It was not until 1979 after Walter Powell and his son, Michael, officially became business partners that the two of them decided to give their business plan a revamp which would forever change Powell’s City of Books for the better. While the neighborhood surrounding Powell’s was particularly industrialized it still had a sense of personalized identity. The other businesses around which were successful had found that balance between culture and commerce. The people didn’t want huge chain stores blocking the skyline; they wanted stores with unique qualities that were still able to hold their own in the business world. As Michael and Walter continued to build Powell’s City of Books they realized they needed a brand new concept which would help to define their “place” (Creswell) in Portland. Walter, with the help of his son, expanded the horizons of Powell’s City of Books becoming the first bookstore to sell new, used, rare and out-of-print books all in one place on the same shelves.
This change allowed Powell’s City of Books to begin to gain a proper foothold in the community of Portland, but the bookstore was far from being safely settled. In the beginning, Powell’s City of Books was a stand-alone bookstore, which was Walter’s intension, but this caused some issues for the bookstore itself. As the Pearl District continued to grow and develop Powell’s was beginning to lose its grasp because it lacked many of the positive qualities associated with superstores, specifically standardization. In Laura J. Miller’s book Reluctant Capitalists she explores the constructive nature associated with standardization, especially in association with the merchandise sold as well as the store’s general layout.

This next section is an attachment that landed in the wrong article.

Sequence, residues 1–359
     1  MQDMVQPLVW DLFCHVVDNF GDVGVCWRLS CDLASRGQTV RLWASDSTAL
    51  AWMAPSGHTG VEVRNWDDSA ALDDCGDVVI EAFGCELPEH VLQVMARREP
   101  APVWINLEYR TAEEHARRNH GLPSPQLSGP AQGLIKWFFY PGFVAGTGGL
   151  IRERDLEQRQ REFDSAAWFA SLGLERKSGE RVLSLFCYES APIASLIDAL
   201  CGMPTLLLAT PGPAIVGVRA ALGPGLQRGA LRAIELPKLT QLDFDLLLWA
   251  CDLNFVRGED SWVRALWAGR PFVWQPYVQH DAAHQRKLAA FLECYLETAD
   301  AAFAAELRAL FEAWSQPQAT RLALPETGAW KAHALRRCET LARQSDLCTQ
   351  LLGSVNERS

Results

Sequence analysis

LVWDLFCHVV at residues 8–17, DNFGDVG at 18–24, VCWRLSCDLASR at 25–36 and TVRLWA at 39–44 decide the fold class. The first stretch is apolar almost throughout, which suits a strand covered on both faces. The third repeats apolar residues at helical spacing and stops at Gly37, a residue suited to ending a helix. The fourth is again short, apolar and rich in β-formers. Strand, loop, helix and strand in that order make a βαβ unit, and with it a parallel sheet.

Powell’s City of Books was already successfully combating the first aspect, merchandise, selling basically any book they were able to obtain and market; however, the store’s layout was still posing a problem. When someone enters a bookstore, whether they have the intention of buying or browsing, the goal is to have the easiest and least painful experience possible. In the beginning Powell’s City of Books was a hodge-podge of a bookstore; it lacked a set, easily-navigated system which left customers frustrated and confused. It was not until Michael Powell took exclusive control over the company upon his father’s retirement in 1982 that this problem was resolved. Michael broke the store into rooms; each room had a theme ranging from Shakespearean literature to graphic novels. Once the store gained this organizational standardization Powell’s City of Books was able to solidify its foothold in the Portland community, allowing them to begin work on further expansion throughout Oregon.
In 1988 the Powell’s Book Company opened its very first branch store: Powell’s Books at PDX, which is the local airport stationed in Portland Oregon. After this store’s opening Powell’s books continued to grow and flourish; opening a grand total of five stores to date, each having its own specific focus. Powell’s City of Books is still considered the headquarters of the company due to its extensive size and collection, but that does not undermine the company’s branch stores.